The 230-acre Washington Park Arboretum was laid out by the Olmsted Brothers (sons of Frederick Olmsted, who laid out Manhattan’s Central Park). It has a Japanese Garden (admission fee) and lakes for kayaking and canoeing. Take a guided tour or explore the main botanical gardens free of charge.

22. Row Your Own Boat

Not quite a cruise ship, you can explore Lake Union on all types of boats driven by steam, sail, electricity and paddles or take a rowing boat from the Center for Wooden Boats.

23. Olympic Sculpture Park

Located on a 9-acre site on Western Ave, Olympic Sculpture Park has lots of outdoor exhibits, including the jagged red eagle, Bunyon’s Chess, Eye Sculpture seats, Father and Son fountains and a laminated glass exhibit known as Seattle Cloud Cover by Teresita Fernández. Standing on the waterfront, this open-air museum in Olympic National Park is free to visit and look around, and there’s a viewing pavilion if the weather turns damp and cold.

24. Experience a Sound Garden

Ever visited a Sound Garden? Set on a breezy hill overlooking Lake Washington, Seattle’s Sound Garden has many musical, art and engineering constructions, such as pipes that whistle, howl and murmur when the wind blows through them. Part of the NOAA campus, admission is free, but security is tight, so bring a photo ID and enjoy the walk.

25. Take a Fun Seattle Walking Tour

Enjoy learning about Seattle’s food, coffee and wacky history on a Seattle Fun Tour with your own guide. The 2-hour tour starts at Pike Place and includes stops for samples at some of Seattle’s most hip and fun eateries, including Beecher’s Handmade Cheese Shop. It’s a memorable way to get to know Seattle like a local!

26. Take a Segway Tour

Combine a tour around Seattle’s top attractions with the chance to ride on a Segway with the Magic Carpet Glide Company. The two-hour tour includes some instruction and practice steering and stopping the Segway before you set off behind your guide. Explore the Olympic Sculpture Park, Pioneer Square, Pike Place Market and the Space Needle. Hop off for photo ops. It’s an easy way to cover a lot of ground effortlessly.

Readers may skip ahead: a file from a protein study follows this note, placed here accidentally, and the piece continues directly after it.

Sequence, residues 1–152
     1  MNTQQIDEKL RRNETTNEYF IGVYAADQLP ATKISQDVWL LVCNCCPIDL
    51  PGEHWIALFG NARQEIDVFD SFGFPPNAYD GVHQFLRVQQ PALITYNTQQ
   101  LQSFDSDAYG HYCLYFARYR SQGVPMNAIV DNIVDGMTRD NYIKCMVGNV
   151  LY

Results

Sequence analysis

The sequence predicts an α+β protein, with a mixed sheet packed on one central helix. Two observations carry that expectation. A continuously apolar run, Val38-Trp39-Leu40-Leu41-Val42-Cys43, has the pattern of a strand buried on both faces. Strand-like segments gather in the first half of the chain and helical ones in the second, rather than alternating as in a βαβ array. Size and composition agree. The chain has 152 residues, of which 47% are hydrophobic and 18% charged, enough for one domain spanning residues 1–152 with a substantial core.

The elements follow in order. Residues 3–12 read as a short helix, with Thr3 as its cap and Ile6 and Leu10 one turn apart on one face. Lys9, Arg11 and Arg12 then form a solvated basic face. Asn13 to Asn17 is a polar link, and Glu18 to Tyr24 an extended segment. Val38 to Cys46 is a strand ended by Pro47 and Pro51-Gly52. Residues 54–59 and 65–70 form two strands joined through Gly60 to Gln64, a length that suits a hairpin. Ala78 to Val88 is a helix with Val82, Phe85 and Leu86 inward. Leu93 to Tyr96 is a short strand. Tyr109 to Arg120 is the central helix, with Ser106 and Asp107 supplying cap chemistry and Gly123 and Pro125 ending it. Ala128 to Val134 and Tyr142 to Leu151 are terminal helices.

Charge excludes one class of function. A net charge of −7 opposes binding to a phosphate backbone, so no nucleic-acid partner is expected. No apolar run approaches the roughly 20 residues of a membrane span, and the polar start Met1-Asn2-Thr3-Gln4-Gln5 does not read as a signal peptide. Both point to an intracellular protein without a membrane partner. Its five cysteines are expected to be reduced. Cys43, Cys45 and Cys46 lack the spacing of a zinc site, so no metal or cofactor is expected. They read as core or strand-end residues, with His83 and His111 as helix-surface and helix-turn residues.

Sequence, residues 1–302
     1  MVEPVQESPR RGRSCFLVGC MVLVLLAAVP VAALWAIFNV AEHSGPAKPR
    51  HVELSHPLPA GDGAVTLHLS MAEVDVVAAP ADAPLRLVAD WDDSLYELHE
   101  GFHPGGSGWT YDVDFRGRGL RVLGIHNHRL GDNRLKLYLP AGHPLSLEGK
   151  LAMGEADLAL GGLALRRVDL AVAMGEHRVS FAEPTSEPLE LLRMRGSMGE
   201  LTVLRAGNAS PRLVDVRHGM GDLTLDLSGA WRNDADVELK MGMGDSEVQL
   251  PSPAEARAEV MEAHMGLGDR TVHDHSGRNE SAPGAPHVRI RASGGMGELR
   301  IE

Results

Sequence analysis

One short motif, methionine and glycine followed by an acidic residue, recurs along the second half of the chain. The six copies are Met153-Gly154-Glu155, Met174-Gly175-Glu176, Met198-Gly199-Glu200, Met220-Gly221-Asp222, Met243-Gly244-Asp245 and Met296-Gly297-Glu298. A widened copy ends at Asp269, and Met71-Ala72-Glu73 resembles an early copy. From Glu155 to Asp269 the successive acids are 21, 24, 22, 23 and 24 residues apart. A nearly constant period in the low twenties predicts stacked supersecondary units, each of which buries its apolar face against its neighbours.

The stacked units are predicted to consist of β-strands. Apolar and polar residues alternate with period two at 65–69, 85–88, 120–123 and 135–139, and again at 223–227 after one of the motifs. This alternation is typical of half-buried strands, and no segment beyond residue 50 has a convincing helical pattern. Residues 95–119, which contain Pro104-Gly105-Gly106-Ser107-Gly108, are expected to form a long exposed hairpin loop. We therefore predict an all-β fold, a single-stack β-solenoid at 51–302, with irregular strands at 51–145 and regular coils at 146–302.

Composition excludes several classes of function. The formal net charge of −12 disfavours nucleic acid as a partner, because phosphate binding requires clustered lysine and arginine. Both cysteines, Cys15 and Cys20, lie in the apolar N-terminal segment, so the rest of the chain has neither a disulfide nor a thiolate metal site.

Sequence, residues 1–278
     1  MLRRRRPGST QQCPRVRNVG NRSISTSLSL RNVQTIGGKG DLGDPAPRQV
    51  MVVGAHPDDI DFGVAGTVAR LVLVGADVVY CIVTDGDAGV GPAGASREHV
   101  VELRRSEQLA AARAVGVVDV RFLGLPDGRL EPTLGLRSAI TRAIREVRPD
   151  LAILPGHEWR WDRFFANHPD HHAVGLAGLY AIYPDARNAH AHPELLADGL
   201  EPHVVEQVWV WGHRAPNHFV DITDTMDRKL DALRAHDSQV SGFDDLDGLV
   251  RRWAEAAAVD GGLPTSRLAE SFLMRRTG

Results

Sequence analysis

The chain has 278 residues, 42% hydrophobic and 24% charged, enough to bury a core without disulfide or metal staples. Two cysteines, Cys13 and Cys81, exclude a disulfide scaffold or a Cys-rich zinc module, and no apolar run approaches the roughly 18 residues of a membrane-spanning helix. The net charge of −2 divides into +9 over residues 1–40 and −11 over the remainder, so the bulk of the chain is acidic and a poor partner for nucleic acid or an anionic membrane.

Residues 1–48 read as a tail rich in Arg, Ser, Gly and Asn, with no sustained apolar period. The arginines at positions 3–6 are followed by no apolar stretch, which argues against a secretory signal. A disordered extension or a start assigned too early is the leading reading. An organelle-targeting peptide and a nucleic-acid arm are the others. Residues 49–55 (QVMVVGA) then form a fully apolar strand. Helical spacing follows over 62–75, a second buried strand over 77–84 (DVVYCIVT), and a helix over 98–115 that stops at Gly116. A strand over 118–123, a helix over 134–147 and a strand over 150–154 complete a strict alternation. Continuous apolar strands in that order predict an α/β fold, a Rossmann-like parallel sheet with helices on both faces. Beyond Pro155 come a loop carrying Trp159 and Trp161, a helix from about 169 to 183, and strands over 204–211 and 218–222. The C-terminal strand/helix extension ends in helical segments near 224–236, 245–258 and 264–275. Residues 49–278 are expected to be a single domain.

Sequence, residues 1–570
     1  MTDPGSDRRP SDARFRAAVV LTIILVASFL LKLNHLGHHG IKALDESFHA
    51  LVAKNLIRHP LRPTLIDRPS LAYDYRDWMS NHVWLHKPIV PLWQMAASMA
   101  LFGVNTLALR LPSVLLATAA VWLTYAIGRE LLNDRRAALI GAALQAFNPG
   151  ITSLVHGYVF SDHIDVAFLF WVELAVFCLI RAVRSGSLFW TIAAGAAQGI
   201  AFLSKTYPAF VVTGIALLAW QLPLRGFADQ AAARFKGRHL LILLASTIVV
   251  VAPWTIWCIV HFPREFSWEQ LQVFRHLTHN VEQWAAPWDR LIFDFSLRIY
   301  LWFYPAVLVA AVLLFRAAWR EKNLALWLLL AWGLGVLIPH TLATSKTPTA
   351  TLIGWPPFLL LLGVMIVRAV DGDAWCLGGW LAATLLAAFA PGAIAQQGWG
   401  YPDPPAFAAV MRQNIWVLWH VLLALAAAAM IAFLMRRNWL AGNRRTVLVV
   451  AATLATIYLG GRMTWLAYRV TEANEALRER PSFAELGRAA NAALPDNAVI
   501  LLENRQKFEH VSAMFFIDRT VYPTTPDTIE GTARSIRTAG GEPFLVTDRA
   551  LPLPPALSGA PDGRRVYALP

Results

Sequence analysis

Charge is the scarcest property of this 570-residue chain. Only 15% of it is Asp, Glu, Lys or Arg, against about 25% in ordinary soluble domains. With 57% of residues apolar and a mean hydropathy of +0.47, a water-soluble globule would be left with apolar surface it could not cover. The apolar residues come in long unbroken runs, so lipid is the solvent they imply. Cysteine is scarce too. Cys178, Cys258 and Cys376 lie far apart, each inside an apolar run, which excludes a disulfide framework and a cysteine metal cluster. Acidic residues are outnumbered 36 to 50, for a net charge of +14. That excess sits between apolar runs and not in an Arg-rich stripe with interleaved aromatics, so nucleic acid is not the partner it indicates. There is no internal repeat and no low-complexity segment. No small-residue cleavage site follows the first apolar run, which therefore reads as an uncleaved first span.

27. Set Sail!

Whether you have just arrived or are departing on a cruise from Seattle, this Cocktail cruise around Lake Union is a great way to enjoy the sights of Puget Sound. The cruise includes the first round of drinks and a narrated commentary. 

Bring your own snacks and enjoy a unique sightseeing tour, including watching seaplanes take off and land the Space Needle, Fremont Bridge and St Mark’s Cathedral. Check out this harbor cruise.

Best Attractions in Seattle

Passengers Overlooking the City of Seattle
Passengers Overlooking the City of Seattle (Photo Credit: Nate Hovee)

28. Pacific Science Center

The Pacific Science Center has something for everyone with a laser dome that plays Pink Floyd and other choices, motion-activated dinosaurs, a planetarium and an IMAX Theater. It’s just the place for curious minds.

29. Visit the Space Needle

The iconic Space Needle stands 520 feet high above the city. It offers amazing panoramic views of Puget Sound, downtown and the city from the café, open-air deck or the Loupe, a rotating viewing platform with an all-glass floor – not for the acrophobic!

30. Sky View Observatory

See Seattle from above at the Sky View Observatory in downtown Seattle. It is located on the 73rd floor of the Columbia Center and towers 902 feet, making it the tallest public viewing tower in the Pacific Northwest. See Mt Rainier, the Cascade Mountains, the Space Needle and more.

31. Admire Chihuly Glass

Visit the Chihuly Garden and Glass exhibit and see the colorful glass sculptures by artist Dale Chihuly. There are 8 galleries and an outdoor garden, which is as colorful as the glass creations.

32. Visit Pike Place Market

Pike Place Market is brimming with fresh flowers, antiques, clothing, crafts, home goods, a farmer’s market and more. It’s a hub for street entertainers and musicians to entertain while you browse the stalls.

Pike Place Market
Pike Place Market (Photo Credit: Grindstone Media Group)

Established in 1907, it includes a huge fish market with fresh fish laid out for wholesale and retail customers to admire and choose from. The fishmongers are known for their banter and fish-throwing, bringing new meaning to the phrase “catch a fish.”

33. Drink Coffee in the Original Starbucks Café